PAZAPA Update (12/14/2008)

  • Posted on: 13 December 2008
  • By: Bryan Schaaf
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While being a child in Haiti is hard enough, being a disabled child is much more so. There are few organizations providing the health, education, and vocational support that disabled children and their families need. PAZAPA, based in Jacmel, has been supporting programming for deaf, blind, and developmentally disabled Haitian children since 1982.  We first wrote about PAZAPA on October 13th.  Below is an update. 



Several weeks ago, the PAZAPA Board of Directors held a fundraiser in Washington DC.  The event included an impressive selection of Haitian art-work for purchase.  The founder of PAZAPA, Jane MacRae, passed away and is very much missed.  Marika MacRae, her daughter, has taken on her mother's responsibilities and is working with the board to develop a strategic plan for maintaining and expanding PAZAPA programs. 



PAZAPA is doing excellent work but faces a number of challenges.  The PAZAPA building, and the homes of families receiving assistance, were not spared damage from the latest series of tropical storms. A powerpoint presentation of the damage to the area is attached.  Repairs have begun but are costly.   PAZAPA seeks to broaden its donor base, which is complicated by the economic downturn.  


In terms of health care, PAZAPA continues to provide clinical evaluation and orthopedic, neurologic, and plastic surgery; and occupational and physical therapy and rehabilitation for physically disabled children. Local medical professionals and international volunteers provide all treatment for children with foot, knee, and hip deformities. Fifteen patients are scheduled for surgery in December 2008.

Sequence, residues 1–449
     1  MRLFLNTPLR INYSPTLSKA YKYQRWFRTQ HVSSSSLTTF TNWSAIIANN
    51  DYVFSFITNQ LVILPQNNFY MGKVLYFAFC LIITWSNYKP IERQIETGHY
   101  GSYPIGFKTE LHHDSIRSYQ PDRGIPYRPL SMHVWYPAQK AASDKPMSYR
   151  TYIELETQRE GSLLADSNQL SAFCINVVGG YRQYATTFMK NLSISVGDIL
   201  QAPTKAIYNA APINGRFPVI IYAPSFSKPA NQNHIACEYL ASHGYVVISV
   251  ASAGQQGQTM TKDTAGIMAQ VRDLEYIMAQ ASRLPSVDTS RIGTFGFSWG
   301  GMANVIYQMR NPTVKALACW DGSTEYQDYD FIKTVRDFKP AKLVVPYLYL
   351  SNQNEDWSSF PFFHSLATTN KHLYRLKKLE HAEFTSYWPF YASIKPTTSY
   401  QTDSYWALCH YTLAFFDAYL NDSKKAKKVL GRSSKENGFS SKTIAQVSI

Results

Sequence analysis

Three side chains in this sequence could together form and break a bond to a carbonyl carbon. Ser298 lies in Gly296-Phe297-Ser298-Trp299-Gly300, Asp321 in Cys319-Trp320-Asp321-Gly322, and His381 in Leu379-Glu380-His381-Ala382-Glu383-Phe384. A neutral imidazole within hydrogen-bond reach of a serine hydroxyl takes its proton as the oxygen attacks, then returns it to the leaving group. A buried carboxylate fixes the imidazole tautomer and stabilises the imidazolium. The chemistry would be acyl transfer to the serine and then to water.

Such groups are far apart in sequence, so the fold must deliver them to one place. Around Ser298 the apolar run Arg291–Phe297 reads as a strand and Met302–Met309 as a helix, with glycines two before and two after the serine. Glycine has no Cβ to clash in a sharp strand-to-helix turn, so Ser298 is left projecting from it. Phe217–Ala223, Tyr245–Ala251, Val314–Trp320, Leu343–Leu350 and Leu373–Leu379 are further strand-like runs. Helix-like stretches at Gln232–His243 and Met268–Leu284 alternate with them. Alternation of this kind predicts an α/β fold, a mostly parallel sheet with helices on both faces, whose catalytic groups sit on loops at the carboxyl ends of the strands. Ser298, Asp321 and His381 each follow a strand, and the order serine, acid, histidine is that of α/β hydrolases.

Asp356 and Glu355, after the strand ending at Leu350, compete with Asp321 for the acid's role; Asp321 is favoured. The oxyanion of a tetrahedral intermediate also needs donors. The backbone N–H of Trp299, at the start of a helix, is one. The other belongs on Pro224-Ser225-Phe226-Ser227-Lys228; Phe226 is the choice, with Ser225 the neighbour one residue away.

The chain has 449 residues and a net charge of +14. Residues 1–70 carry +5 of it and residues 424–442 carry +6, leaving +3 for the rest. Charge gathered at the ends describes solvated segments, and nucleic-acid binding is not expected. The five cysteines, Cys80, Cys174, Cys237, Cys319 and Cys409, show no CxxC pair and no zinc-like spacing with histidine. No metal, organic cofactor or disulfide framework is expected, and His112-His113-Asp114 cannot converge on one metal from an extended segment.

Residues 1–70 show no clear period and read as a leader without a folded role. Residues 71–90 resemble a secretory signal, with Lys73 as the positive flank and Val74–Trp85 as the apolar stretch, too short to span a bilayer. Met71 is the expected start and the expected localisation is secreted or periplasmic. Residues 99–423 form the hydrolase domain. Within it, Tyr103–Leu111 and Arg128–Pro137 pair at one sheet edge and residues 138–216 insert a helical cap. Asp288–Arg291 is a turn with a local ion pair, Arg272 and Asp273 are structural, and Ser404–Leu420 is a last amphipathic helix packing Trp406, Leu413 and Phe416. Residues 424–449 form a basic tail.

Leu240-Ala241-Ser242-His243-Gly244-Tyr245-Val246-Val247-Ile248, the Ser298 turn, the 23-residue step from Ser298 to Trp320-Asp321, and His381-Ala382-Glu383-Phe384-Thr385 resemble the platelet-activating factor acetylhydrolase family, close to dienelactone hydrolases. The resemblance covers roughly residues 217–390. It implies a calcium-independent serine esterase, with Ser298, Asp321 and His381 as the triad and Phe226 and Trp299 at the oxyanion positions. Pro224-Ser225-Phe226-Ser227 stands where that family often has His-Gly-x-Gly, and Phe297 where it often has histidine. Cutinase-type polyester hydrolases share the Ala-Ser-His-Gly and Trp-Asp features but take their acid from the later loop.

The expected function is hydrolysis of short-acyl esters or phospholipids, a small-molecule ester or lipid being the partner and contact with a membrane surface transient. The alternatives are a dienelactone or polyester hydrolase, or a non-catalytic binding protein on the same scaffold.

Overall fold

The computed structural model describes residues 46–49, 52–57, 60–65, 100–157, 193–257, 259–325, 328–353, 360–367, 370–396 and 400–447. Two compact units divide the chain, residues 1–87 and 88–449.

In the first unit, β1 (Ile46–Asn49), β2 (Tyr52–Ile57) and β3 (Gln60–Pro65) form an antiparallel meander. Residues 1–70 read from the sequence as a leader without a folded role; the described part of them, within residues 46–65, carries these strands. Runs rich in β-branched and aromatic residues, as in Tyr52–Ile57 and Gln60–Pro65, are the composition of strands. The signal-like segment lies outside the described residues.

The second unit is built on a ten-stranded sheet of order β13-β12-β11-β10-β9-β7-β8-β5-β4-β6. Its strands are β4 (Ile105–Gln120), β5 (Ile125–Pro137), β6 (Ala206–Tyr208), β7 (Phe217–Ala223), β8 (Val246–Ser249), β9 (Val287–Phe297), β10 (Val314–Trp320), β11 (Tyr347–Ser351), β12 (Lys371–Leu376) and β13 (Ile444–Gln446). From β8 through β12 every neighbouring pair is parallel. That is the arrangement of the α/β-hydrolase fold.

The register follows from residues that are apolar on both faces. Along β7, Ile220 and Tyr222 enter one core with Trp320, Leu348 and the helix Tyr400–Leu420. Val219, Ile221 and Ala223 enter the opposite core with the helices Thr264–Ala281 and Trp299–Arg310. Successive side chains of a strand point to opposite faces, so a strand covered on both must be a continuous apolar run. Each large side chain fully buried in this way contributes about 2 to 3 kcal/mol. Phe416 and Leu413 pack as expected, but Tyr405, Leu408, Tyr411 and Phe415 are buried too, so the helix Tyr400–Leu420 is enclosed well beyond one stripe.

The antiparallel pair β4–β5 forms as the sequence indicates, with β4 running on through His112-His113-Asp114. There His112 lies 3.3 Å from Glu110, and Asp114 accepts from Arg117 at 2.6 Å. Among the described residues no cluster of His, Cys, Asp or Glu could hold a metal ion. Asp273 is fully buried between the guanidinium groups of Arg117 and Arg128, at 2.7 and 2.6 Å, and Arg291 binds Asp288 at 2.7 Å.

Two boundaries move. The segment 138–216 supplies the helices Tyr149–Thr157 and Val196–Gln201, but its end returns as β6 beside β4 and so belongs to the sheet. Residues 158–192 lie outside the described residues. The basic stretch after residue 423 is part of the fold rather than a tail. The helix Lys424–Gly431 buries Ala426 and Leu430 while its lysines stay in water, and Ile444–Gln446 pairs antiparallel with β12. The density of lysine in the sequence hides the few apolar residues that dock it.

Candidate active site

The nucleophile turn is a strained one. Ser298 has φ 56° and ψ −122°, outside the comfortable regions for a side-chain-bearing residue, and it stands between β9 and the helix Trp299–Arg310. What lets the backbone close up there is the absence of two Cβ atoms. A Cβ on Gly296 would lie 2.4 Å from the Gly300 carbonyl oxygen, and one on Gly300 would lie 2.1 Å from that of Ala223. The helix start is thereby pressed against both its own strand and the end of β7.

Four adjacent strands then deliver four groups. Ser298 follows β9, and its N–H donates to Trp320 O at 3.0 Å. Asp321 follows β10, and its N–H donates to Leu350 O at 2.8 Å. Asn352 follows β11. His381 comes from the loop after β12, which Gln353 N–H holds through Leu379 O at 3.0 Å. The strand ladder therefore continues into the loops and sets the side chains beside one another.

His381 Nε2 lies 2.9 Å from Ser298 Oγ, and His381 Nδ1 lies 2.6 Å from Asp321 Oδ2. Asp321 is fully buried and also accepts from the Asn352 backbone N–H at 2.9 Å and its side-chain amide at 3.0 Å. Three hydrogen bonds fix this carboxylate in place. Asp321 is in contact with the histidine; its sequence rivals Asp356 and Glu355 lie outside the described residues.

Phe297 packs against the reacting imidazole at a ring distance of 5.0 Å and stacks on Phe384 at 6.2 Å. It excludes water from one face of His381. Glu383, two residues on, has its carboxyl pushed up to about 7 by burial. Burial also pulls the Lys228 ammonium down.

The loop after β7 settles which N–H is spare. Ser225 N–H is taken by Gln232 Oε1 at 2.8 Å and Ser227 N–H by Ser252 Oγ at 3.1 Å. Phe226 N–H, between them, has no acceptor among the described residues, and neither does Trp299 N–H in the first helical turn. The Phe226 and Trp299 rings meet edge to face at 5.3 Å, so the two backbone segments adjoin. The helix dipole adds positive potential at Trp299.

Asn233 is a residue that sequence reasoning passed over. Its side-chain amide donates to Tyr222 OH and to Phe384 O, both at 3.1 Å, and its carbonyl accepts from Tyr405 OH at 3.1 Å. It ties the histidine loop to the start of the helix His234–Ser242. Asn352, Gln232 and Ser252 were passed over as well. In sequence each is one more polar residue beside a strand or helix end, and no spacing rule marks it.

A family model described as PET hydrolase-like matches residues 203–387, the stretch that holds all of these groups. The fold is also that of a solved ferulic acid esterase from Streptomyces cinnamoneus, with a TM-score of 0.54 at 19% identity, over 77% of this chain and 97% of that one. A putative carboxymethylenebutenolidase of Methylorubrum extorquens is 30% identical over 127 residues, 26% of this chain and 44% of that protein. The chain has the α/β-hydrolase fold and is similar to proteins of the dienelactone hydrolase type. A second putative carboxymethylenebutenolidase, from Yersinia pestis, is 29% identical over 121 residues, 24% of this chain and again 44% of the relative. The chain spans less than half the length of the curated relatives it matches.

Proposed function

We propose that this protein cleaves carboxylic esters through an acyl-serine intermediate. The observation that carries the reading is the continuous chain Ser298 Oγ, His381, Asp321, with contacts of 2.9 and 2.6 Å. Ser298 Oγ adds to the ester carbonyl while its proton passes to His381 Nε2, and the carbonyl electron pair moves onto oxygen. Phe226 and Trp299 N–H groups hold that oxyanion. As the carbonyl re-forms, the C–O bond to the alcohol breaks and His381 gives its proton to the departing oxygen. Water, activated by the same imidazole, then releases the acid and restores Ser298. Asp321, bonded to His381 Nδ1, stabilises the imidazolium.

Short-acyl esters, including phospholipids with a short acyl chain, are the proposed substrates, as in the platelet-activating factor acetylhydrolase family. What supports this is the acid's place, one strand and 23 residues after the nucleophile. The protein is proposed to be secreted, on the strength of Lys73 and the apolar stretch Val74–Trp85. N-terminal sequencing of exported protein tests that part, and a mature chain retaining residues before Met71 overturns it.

As of January 2008, CURE International has partnered with PAZAPA and is currently covering all serial casting, orthopaedic treatment, and surgery for those with clubfeet under the age of two. Approximately 16 patients per month are covered by this program. Cleft palate and hydrocephaly patients are few and are sent to Healing Hands Haiti upon diagnosis for immediate treatment.



The staff nurse and physiotherapy technician provide pre- and post-operative care to ensure best results during and after treatment.  PAZAPA provides, free of charge, medication to control epilepsy as prescribed by local and international volunteer physicians. A total of 23 children are on seizure medication. Dr. Chris Miller held a neurology clinic in September 2008 for 10 patients.



Concerning special education, the PAZAPA School at the Jacmel Center provides education and therapy to approximately 82 children from infancy to late teens with developmental/mental challenges. The school provides four levels of education. Currently seven children regularly attend the early intervention class (0-3 years), which focuses on working with mothers and other caregivers to ensure that stimulation therapy and socialization techniques are learned and carried out in the home.



The early school level (4-10 years) emphasizes motor, language and social skills while helping children develop confidence in their abilities. A kindergarten-level sign language class is offered to four clients with severe language and developmental problems. The senior class continues the academic program, assisting those students who can manage a regular school curriculum to be “mainstreamed” in an afternoon public school program. 



Twelve children with multiple, severe handicaps who are unable to attend the school are enrolled in the home visit program and seen in their own homes and community by PAZAPA teachers and visiting volunteers. PAZAPA subsidizes boarding school for one visually impaired child at Port au Prince’s Ecole St. Vincent. The Center also pays the school fees for one physically disabled girl who attends high school in Jacmel.